Whale shark logs longest-recorded trans-Pacific migration
Little is known about the world's largest living fish, gentle giants reaching 12 meters (40 feet) in length. Researchers from the Smithsonian Tropical Research Institute (STRI) and colleagues tracked a female whale shark from the eastern Pacific to the western Indo-Pacific for 20,142 kilometers (more than 12,000 miles), the longest whale shark migration route ever recorded.
STRI marine biologist Héctor M. Guzmán tagged a female whale shark (Rhincodon typus) near Coiba Island in Panama, the largest island off of the coast of Central America, a National Park, World Heritage Site and marine protected area. His team named the shark Anne for conservationist Anne McEnany, president and CEO of the International Community Foundation (ICF). The multi-year project also tagged 45 additional sharks in Panama with sponsorship from Christy Walton's Candeo Fund at the ICF, along with STRI and Panama's science and technology bureau (SENACYT).
Guzmán estimated Anne's position based on signals from a Smart Position and Temperature (SPOT) tag tethered to the shark, received by the Advanced Research and Global Observation Satellite (ARGOS). The tag only communicates with the satellite when the shark swims near the surface. Anne remained in Panamanian waters for 116 days, then swam toward Clipperton Island (France), nearing Cocos Island (Costa Rica) en route to Darwin Island in the Galapagos (Ecuador), a site known to attract groups of sharks. 266 days after she was tagged, the signal disappeared, indicating that Anne was too deep to track. After 235 days of silence, transmissions began again, south of Hawaii. After a nine-day stay, she continued through the Marshall Islands until she arrived at the Marianas Trench, a canyon in the ocean floor near Guam in the Western Pacific where movie director James Cameron located the deepest point on the Earth's surface almost 11,000 meters (36,000 feet) below sea level.
Whale sharks dive to more than 1900 meters (6000 feet). But it is unknown what the animal was doing in this area.
"We have very little information about why whale sharks migrate," said Guzmán. "Are they searching for food, seeking breeding opportunities or driven by some other impulse?"
"Despite being the world's largest fish, it's amazing to me how little we know about this species," said Scott Eckert, co-author and biology professor at Principia College. "When I first began working on them, their taxonomy was debated, and it still wasn't clear how they reproduced."
Found in warm, tropical and sub-tropical waters, it is thought that about a quarter of whale sharks live primarily in the Atlantic, whereas about three-fourths live in the Indo-Pacific. Tourists are drawn to sites where 500 or more whale sharks gather: in Oman, Australia, Galapagos, Mexico, Mozambique and the Seychelles. Large groups are also reported from Taiwan, Southern China and the Gujarat coast of India.
Genetic studies show that whale sharks across the globe are closely related, indicating that they must travel long distances to mate. Whale sharks have been tracked for shorter distances along similar routes, but this report is the longest-recorded migration to date and the first evidence of a potential trans-Pacific route. Like Anne, other whale sharks appear to follow the North Equatorial Current for most of the distance. Large females can swim an average of 67 kilometers (about 40 miles) per day.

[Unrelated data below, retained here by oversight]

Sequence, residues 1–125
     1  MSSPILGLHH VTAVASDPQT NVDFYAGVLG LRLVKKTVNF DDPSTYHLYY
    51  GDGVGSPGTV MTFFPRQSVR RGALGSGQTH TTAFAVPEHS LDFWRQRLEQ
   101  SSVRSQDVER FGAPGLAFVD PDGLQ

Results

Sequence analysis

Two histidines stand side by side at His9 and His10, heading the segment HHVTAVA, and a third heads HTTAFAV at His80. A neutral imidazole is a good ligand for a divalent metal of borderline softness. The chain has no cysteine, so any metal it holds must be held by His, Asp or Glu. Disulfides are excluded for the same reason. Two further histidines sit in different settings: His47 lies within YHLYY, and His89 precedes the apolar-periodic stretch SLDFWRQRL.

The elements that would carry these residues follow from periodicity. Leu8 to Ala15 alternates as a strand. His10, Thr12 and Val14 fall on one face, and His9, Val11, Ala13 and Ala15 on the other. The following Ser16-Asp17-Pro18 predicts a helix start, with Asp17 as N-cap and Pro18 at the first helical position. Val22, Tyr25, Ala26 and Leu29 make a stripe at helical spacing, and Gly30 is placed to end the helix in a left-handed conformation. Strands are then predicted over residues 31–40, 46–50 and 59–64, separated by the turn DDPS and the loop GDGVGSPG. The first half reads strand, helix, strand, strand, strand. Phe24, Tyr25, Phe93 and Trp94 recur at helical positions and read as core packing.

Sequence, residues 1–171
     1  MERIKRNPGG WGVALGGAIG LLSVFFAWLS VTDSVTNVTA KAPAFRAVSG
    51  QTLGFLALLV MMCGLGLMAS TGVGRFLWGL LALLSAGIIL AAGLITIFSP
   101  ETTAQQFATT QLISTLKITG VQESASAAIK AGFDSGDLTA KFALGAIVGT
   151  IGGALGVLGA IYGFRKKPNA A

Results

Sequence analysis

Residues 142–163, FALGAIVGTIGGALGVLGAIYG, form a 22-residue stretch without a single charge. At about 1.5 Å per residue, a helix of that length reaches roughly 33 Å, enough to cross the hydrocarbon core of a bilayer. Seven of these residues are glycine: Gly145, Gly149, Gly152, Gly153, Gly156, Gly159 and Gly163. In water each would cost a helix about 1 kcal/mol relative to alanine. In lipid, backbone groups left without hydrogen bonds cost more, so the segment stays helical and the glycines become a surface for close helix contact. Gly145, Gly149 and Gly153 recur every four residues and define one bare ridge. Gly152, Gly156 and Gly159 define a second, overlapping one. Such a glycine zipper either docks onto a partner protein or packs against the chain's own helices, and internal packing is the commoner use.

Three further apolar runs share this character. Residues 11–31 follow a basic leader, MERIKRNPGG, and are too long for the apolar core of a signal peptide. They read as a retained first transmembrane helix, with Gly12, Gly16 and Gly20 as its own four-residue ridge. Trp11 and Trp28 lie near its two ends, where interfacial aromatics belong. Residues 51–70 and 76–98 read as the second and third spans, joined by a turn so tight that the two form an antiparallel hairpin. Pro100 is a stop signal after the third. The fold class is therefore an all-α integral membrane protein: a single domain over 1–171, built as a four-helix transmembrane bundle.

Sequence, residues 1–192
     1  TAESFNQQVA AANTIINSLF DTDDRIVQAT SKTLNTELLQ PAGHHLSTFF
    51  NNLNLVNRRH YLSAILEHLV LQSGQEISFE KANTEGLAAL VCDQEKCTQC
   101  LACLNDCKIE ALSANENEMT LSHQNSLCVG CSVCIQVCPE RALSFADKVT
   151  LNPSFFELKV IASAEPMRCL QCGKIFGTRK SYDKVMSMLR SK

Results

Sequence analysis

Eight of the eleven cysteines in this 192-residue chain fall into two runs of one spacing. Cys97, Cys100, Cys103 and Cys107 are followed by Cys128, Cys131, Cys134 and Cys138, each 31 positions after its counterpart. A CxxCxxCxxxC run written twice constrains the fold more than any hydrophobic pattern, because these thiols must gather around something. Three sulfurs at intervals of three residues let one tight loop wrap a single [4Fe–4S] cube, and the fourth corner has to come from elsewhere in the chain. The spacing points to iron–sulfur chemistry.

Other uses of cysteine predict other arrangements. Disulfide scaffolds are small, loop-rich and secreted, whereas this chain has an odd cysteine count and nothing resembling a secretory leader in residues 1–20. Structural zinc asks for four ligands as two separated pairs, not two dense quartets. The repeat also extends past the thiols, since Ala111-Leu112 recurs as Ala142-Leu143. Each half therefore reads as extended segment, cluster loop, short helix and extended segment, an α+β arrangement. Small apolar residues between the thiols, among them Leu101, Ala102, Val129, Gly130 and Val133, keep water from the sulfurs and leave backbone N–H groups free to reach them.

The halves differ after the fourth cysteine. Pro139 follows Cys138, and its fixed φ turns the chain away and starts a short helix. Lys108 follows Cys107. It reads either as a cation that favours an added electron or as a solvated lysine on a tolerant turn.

The whale shark is one of only three known filter-feeding sharks, feeding on plankton, fish eggs, krill, crab larvae as well as small squid and fish (and, accidentally, plastic, which they cannot digest). As such, they are not considered to be particularly dangerous, and tourism companies that offer the opportunity to swim very close to whale sharks are common near areas where they aggregate in large numbers. But their size also attracts fishing boats. They are sought after for their fins and meat, for their teeth (used for crafts and sold to tourists) and for cartilage and oil with purported medicinal value. Juvenile whale sharks often end up as bycatch in tuna and other fisheries.
Whale sharks were classified as endangered in 2016. During the past 75 years, it is estimated that nearly half of the world's whale sharks have disappeared. In many parts of the world, whale sharks have legal protection, but regulations are often not enforced. Guzman's data were used to design and draft local and regional policies for the protection of the species. Fishing, capture and sale of whale sharks are prohibited in Panama by Executive Decree No. 9, signed in 2009. In 2014, Panama's environmental authority passed an additional resolution regulating whale shark watching in Coiba National Park and the Isla Canales de Afuera marine reserve. The resolution includes a Whale Shark Watching Manual but unfortunately, tourism activities are not well organized and the authorities are not present to enforce the regulations.
"Whale sharks in Coiba have already changed their behavior to avoid the surface and tourists," Guzman said. "These studies are critical as we design international policy to protect transboundary species like the whale sharks and other highly migratory marine species."
The Smithsonian Tropical Research Institute, headquartered in Panama City, Panama, is a unit of the Smithsonian Institution. The Institute furthers the understanding of tropical biodiversity and its importance to human welfare, trains students to conduct research in the tropics and promotes conservation by increasing public awareness of the beauty and importance of tropical ecosystems. Website. Promo video.
Guzmán, H.M., Gomez, C., Hearn, A. and Eckert, S.A. 2018. Longest recorded trans-Pacific migration of a whale shark (Rhincodon typus). Marine Biodiversity Records, 11:8, https://doi.org/10.1186/s41200-018-0143-4